Old-time newspaper editors loved the word Yule. Its four letters fit nicely into narrow headlines, unlike “Christmas” or “holidays.” However, the word became so overused in headlines like Kids Get Gifts/ At Yule Party that some newspapers, including this one, banned its use. Today, Yule is seldom seen or heard, except in seasonal carols.
But what is Yule? Jul or Yule was the festival of the winter solstice — which occurs next Wednesday — celebrated by Goths, Saxons, and other northern European pagans. One theory is that the word comes from the Gothic “huil,” which meant “wheel,” and grew in English to become “Yule.” The Goths pictured the sun as traveling a wheel-like circuit. At the solstice, the sun began its northern portion of the circuit and days began to lengthen.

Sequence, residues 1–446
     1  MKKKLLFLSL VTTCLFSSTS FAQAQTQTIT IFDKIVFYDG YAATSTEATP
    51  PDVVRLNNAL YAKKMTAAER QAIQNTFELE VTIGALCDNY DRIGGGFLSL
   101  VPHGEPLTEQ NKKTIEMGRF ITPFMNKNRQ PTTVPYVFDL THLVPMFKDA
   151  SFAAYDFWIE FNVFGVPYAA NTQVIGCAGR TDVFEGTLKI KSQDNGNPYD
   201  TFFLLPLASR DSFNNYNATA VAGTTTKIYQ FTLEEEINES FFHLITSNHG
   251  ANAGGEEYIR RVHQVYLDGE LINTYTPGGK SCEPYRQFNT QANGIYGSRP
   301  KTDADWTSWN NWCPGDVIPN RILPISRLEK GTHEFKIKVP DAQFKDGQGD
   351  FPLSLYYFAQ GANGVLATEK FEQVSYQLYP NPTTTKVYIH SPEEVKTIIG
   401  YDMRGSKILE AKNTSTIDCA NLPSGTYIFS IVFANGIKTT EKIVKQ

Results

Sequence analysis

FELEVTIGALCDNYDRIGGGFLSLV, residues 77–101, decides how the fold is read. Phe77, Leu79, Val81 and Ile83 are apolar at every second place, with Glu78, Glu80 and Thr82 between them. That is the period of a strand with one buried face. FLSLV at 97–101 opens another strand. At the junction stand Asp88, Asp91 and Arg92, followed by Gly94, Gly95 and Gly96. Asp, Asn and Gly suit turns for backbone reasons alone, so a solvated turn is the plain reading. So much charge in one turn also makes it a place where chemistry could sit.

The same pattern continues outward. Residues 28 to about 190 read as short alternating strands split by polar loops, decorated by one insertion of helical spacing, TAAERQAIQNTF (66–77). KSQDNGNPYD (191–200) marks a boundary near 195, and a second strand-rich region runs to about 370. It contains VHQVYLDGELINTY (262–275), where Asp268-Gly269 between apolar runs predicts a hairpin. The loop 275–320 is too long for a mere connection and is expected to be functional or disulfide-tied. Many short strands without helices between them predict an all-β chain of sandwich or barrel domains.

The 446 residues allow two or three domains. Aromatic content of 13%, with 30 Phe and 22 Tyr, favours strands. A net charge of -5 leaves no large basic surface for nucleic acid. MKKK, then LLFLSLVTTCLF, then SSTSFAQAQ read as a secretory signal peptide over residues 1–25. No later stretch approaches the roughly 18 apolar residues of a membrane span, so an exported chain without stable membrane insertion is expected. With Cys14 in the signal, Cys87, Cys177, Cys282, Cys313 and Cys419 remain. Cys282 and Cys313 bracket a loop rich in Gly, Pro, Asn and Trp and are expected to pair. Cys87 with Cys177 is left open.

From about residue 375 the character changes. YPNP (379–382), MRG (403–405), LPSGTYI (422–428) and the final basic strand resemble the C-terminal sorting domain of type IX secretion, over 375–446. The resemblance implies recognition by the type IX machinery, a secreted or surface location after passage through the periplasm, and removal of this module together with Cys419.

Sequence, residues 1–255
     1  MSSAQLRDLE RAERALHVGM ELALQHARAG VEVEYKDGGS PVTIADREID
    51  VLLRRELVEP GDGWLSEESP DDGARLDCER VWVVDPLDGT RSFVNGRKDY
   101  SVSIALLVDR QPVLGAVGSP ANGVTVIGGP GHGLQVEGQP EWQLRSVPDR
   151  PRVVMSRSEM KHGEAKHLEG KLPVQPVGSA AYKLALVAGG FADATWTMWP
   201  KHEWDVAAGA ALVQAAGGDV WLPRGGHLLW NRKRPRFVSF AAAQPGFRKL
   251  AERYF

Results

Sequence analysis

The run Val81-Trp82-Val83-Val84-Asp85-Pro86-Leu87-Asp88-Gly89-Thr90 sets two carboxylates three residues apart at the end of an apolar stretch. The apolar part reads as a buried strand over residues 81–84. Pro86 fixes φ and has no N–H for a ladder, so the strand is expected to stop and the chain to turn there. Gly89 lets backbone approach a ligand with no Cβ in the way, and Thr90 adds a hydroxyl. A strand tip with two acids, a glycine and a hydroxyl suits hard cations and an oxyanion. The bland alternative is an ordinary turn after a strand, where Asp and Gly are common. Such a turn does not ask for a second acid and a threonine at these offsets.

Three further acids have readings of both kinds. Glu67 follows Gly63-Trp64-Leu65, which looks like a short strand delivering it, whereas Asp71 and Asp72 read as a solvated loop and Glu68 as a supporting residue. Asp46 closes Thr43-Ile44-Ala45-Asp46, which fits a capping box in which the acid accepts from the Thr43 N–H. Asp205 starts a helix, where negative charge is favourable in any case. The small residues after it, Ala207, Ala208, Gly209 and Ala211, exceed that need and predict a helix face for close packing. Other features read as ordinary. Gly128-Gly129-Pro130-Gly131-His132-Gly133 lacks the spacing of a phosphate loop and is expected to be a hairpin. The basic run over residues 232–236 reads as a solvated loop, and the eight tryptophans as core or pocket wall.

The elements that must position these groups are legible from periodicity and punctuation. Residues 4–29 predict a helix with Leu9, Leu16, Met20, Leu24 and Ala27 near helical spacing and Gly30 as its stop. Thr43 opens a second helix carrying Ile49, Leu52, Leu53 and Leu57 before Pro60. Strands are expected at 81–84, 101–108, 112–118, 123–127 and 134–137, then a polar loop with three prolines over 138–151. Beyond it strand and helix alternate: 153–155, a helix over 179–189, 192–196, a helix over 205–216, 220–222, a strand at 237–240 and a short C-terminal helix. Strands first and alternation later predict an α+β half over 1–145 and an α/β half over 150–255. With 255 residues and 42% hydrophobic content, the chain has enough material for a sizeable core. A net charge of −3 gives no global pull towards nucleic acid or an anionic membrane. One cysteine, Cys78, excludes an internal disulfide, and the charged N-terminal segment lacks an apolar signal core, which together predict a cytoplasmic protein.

The burning of a large Yule log in fireplaces, a tradition that harkened back to Scandinavian bonfires honoring Thor, was long a part of English Christmas celebrations.